So just because the team has had seasons upon seasons of losing, that suddenly appreciates the value of one's postseason run? If it does, then maybe he can cite the Colts' years in Indianapolis before Manning's entrance: 14 years, five winning seasons, never more than 10 wins in any regular season, three playoff appearances, and two playoff wins.

And not to keep diminishing Warner's accomplishments this year — he really is one of the most overlooked quarterbacks of this generation — but Byrne seems to paint the picture that Warner and Warner alone fixes bad teams.

The Rams have fallen off the face of the earth since he left.

They were starting to dissipate with him, too. In 2002 he played five full games and lost all of them, which means legendary quarterback Jamie Martin won more games with the Rams (one) than Warner that year (zero). The reason the Rams are god-awful in recent years is that their offensive line consists of Orlando Pace's exoskeleton and four Ionic columns, not because Kurt Warner doesn't play football there.

The Cardinals are easily the worst franchise in league history: they had won just two playoff games in their first 88 years of NFL football. Yet they've won three playoff games this month alone, and they head to the Super Bowl with what's easily the worst defense (426 points allowed) of any conference champion in league history.

That was a bad regular season defense, yes. Hence the 9-7 record. Out of nowhere, that defense recovered the ball no less than three times every playoff game (12 total turnovers over three games). Of course Warner and smart offense will use that field position to score 30 points a game.

This is not to say Kurt Warner is bad, but taking the step and declaring fervently that he is clearly better than Manning is probably overdoing it. Is he a better playoff quarterback? Well, maybe. Probably. Is he a better complete quarterback? They're both going to the Hall of Fame, in my book, but if my team is playing the Steelers, Patriots, Giants, or Bears in a snowy January game, and I have Kurt Warner and Peyton Manning on my team, I'd choose either, but if the catch is that I have to have Manning and Mike Vanderjagt on the team, I might reconsider.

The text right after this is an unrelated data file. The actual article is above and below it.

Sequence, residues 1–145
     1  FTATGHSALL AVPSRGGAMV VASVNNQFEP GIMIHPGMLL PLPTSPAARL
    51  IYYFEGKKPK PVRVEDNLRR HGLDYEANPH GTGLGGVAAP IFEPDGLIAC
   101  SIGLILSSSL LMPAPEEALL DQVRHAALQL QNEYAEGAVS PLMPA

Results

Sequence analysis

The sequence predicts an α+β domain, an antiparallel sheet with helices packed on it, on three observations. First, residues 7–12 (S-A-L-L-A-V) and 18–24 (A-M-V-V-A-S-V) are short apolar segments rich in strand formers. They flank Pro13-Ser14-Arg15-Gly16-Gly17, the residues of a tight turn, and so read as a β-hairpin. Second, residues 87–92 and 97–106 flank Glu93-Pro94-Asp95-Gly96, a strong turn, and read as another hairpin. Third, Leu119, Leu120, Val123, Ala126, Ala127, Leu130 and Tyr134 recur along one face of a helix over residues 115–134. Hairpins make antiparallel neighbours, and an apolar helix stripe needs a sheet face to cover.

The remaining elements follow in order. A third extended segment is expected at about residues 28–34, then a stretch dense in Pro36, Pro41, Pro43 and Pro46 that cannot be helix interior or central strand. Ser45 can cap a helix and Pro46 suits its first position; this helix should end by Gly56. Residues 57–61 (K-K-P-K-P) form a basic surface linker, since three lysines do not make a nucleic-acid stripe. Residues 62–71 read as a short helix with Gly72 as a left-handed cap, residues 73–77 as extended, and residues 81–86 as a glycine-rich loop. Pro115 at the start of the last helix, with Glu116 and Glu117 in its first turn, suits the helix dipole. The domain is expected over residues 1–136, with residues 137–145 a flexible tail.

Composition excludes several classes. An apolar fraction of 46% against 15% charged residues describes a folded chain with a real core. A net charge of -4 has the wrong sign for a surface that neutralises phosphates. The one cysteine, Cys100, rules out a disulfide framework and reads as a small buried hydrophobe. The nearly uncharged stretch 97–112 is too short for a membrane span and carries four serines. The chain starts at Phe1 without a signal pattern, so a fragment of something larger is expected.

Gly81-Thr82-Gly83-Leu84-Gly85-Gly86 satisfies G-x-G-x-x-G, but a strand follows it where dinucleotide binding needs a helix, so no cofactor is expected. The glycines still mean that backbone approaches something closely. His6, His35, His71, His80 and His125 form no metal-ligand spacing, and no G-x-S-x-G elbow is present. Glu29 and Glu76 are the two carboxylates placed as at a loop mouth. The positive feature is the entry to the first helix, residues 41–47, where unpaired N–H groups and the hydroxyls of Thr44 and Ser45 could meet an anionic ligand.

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  • http://www.confessionsofafanboy.com Josh Hathaway

    I’ll take Warner over Manning today and if Warner wins on Sunday it makes it all the clearer.

  • http://www.maskedmoviesnobs.com El Bicho

    is this the start of a series where you take on the claims of unknown bloggers from unknown websites? should keep you very busy

  • http://www.futonreport.net/ Matthew T. Sussman

    Yes. A little known sports publication named Sports Illustrated (great name!) put that column on its website. I expect big things from them.

  • charlie doherty

    Good job Matt. About the Warner-Manning comparison, I don’t think it’s that close. Peyton is easily the better QB. One other thing, I really HATE that QB passer rating statistic. It is so misleading. I mean, Tom Brady’s lifetime rating is below 90, but I don’t think anyone would think that means he is no less successful a QB than Warner or Peyton! That stat is meaningless and shouldn’t be used for any serious comparisons. It’s a little like using the points (or assists or rebounds) per 48 minutes stat in the NBA. Totally deceiving stats indeed.

  • Tony

    Just to play devils advocate, here are a few points:

    – I don’t see the relevance in stating that Manning has achieved his passer rating in more games. Warner’s situation — being old, starting late, and having teams loose faith in him because he’s old (every team wants to go with the young guy i.e. Eli, Matt) — account for the disparage in the number of games, more than anything. The point is, that when it comes to PASSER rating (it irks me when its called “qb rating” because it literally only accounts for passing statistics), when the two are on the field they post similar stats.